Volcano Watch — Pāhoehoe and ‘a‘ā lava flows
Lava flows are one of the most common hazards produced by active volcanoes. Here in Hawai`i, they may endanger property but seldom endanger people's lives.
Lava flows are one of the most common hazards produced by active volcanoes. Here in Hawai`i, they may endanger property but seldom endanger people's lives. The threat they pose is largely dependent on how the flow moves, which is in turn determined by the properties of the lava and the landscape. The two main types of lava, pāhoehoe and ‘a‘ā, differ in various properties, such as crystal and gas bubble content, as well as having slight differences in temperature. These properties, along with the steepness of the underlying slope, determine the ease with which a lava flow moves.
Once cooled, pāhoehoe and ‘a‘ā are easily identifiable by their characteristic textures. Pāhoehoe has a smooth, billowy, ropy surface and has at times been likened to the surface texture of a pan of chocolate brownies. On the other hand, ‘a‘ā has a rough, jagged and clinkery surface. Although individuals are often seen crossing pāhoehoe wearing rubber slippers (definitely not recommended), it is difficult to imagine traversing ‘a‘ā in anything less than sturdy footwear. In an eruption with a high effusion rate - where a lot of lava is being discharged at once—‘a‘ā flows tend to form. If the rate of effusion is low, a pahoehoe flow is more likely to develop.
In an ‘a‘ā flow, widespread fracturing of the exterior of the flow allows the steady advance of the whole front as a single unit. In a pāhoehoe flow, more localized cracking of the crust occurs, allowing the flow to advance by the propagation of individual toes or lobes. These toes or lobes of a pāhoehoe flow may advance by flowing around and slowly burning objects in their path. In contrast, an `a`a flow may move forward as a steep-sloping wall of lava chunks that can crash through an area, pushing down whatever is in its path, like the track of a bulldozer. An ‘a‘ā front often advances in surges, with the front gradually getting higher before a surge begins. In one hour it may only move a few meters (yards), but then suddenly surge forward 100 meters (yards) in a few minutes, with the front reduced to its original thickness in the process.
‘A‘ā flows usually develop where lava is being transported through open channels on the ground surface. Open channels allow the lava to cool with increasing distance from the vent, causing it to become thicker and more pasty. As this thickened lava moves along it squeezes out many of the gas bubbles trapped inside it, so ‘a‘ā tends to lack the tiny voids, called vesicles, that are left behind when gases are trapped by solidifying lava. The vesicles that are present are usually irregular in shape due to the continued stretching motion of the lava right up to the point where it finally solidifies. The constant heat loss in an ‘a‘ā flow causes many more crystals to form than in a pāhoehoe flow. The greater abundance of crystals further thickens the consistency of the flow, making it even more pasty and resistant to flow.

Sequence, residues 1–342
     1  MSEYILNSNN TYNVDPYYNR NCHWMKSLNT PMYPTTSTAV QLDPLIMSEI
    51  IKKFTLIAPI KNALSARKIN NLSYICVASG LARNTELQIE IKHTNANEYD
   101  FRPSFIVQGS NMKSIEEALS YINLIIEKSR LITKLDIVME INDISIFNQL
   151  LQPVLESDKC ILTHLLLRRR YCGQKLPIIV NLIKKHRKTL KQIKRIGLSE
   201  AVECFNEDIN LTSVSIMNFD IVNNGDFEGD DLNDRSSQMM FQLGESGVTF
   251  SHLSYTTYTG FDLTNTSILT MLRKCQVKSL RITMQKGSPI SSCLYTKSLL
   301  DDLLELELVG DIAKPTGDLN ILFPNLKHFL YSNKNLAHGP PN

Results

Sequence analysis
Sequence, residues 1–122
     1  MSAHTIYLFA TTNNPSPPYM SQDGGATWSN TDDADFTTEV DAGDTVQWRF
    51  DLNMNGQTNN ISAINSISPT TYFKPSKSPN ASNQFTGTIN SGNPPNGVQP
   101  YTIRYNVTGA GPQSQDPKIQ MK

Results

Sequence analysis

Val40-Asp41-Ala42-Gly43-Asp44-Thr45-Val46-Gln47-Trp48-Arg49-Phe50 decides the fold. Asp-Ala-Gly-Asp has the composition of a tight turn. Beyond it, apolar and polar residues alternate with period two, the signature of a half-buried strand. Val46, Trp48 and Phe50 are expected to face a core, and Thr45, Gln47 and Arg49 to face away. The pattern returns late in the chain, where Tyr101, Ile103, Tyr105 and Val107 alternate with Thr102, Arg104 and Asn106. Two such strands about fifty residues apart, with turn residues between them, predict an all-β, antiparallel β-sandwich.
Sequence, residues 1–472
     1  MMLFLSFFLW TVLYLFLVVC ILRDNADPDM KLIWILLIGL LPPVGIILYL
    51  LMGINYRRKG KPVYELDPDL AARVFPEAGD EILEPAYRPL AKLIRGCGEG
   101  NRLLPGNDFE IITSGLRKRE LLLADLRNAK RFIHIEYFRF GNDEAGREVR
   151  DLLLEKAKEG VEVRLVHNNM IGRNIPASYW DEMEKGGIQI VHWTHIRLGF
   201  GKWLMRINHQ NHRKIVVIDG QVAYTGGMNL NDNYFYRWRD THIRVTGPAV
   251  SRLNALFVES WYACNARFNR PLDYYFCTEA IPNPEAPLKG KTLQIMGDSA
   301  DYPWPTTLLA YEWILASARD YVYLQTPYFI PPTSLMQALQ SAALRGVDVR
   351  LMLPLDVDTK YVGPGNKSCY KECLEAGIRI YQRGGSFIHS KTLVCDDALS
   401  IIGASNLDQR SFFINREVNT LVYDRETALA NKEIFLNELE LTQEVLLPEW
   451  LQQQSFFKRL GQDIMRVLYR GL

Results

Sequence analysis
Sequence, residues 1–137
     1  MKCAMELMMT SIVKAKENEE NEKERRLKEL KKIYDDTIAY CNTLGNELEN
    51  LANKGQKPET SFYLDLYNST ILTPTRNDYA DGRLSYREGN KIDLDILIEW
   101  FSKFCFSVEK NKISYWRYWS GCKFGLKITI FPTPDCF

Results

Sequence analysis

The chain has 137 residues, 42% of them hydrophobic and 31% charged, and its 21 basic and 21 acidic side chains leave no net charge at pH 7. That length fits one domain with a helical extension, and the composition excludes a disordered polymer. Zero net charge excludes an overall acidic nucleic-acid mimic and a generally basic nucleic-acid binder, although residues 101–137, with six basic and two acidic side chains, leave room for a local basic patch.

Pāhoehoe flow fields are often fed by a well-insulated underground tube system that carries the lava long distances and prevents it from cooling appreciably. Fewer gas bubbles escape in pāhoehoe flows than in ‘a‘ā flows so they typically have more vesicles. These vesicles are more nearly spherical in shape because they have not undergone as much deformation as those in ‘a‘ā flows.
Often what starts out as a pāhoehoe flow may go through the transition to ‘a‘ā when there is a change in conditions, such as a sudden steepening in slope, or just by the continuous loss of heat and gas as distance from the vent increases. However, once the ‘a‘ā has undergone irreversible processes such as losing gas or forming crystals, it generally does not change back to pāhoehoe. It is common to get both pāhoehoe and ‘a‘ā flows from the same eruption with no difference in chemical composition, showing that what causes pāhoehoe or ‘a‘ā to form is largely related to the physical conditions the lava undergoes once erupted.
Volcano Activity Update
Eruptive activity of Kīlauea Volcano continued unabated during the past week. Lava is erupting from Pu‘u ‘Ō‘ō and flowing through a network of tubes from the vent to the sea. Surface flows from breakouts of the tube system were observed on the coastal flats. Lava is entering the ocean near Kamokuna and enlarging the bench. The public is reminded that the ocean-entry area is extremely hazardous, with explosions accompanying unpredictable collapses of the new land. The steam clouds are highly acidic and laced with glass particles.
There were six earthquakes reported felt for the week ending on May 27. One of these, a magnitude 2.4 earthquake, was an aftershock of the April 16 magnitude-5.6 earthquake and was felt in Pahala on the 24th. Four were felt at and near Kīlauea's summit on May 26: at 6:01 a.m. (4.3, felt as far away as Hilo), at 6:04 a.m. (3.3), at 8:16 a.m. (3.5), and at 11:21 a.m. (3.7). Another earthquake, a magnitude 2.6, was felt on May 27 at 1:28 a.m. in Kealakekua.
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